For most of his government, Sánchez was reliant on confidence and supply support from Unidos Podemos and New Canaries (NCa), negotiating additional support from Republican Left of Catalonia (ERC), Catalan European Democratic Party (PDeCAT) and Basque Nationalist Party (PNV) on an issue-by-issue basis. ERC, PDeCAT and En Marea withdrew their support from the government in February 2019 by voting down the 2019 General State Budget, with the government losing the vote 191–158 and prompting a snap election being called for 28 April.[41]

Electoral system[edit]

The Spanish Cortes Generales are envisaged as an imperfect bicameral system. The Congress of Deputies has greater legislative power than the Senate, having the ability to vote confidence in or withdraw it from a Prime Minister and to override Senate vetoes by an absolute majority of votes. Nonetheless, the Senate possesses a few exclusive, yet limited in number functions—such as its role in constitutional amendment—which are not subject to the Congress' override.[42][43] Voting for the Cortes Generales is on the basis of universal suffrage, which comprises all nationals over eighteen and in full enjoyment of their political rights.[44] Additionally, Spaniards abroad are required to apply for voting before being permitted to vote, a system known as "begged" or expat vote (Spanish: Voto rogado).[45]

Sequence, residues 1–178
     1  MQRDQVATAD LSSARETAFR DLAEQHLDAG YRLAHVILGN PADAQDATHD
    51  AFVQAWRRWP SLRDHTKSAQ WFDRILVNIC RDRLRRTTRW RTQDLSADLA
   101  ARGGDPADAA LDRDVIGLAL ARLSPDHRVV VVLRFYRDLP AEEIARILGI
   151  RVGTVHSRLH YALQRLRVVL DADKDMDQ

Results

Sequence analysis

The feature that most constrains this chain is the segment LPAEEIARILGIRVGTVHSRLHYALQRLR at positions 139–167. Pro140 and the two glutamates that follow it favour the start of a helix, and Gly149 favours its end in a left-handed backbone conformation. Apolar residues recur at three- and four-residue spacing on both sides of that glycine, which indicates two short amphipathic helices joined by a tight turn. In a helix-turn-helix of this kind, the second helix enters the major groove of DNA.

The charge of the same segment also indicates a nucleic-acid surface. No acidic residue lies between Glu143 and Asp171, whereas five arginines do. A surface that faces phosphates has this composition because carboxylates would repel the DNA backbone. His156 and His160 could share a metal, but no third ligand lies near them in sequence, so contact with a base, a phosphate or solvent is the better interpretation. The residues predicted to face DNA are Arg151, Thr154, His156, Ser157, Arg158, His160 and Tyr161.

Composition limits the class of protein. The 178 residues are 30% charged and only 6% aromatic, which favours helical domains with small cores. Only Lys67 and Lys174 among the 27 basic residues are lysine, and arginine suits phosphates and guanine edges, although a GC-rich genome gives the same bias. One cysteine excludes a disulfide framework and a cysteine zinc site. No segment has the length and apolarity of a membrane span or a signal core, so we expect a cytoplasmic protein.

For the Congress of Deputies, 348 seats are elected using the D'Hondt method and a closed list proportional representation, with a threshold of 3 percent of valid votes—which includes blank ballots—being applied in each constituency. Parties not reaching the threshold are not taken into consideration for seat distribution. Additionally, the use of the D'Hondt method may result in an effective threshold over three percent, depending on the district magnitude.[46] Seats are allocated to constituencies, corresponding to the provinces of Spain. Each constituency is entitled to an initial minimum of two seats, with the remaining 248 allocated among the constituencies in proportion to their populations. Ceuta and Melilla are allocated the two remaining seats, which are elected using plurality voting.[42][47][48][49]

For the Senate, 208 seats are elected using an open list partial block voting, with electors voting for individual candidates instead of parties. In constituencies electing four seats, electors can vote for up to three candidates; in those with two or three seats, for up to two candidates; and for one candidate in single-member districts. Each of the 47 peninsular provinces is allocated four seats, whereas for insular provinces, such as the Balearic and Canary Islands, districts are the islands themselves, with the larger—Majorca, Gran Canaria and Tenerife—being allocated three seats each, and the smaller—Menorca, IbizaFormentera, Fuerteventura, La Gomera, El Hierro, Lanzarote and La Palma—one each. Ceuta and Melilla elect two seats each. Additionally, autonomous communities can appoint at least one senator each and are entitled to one additional senator per each million inhabitants.[42][47][48][49]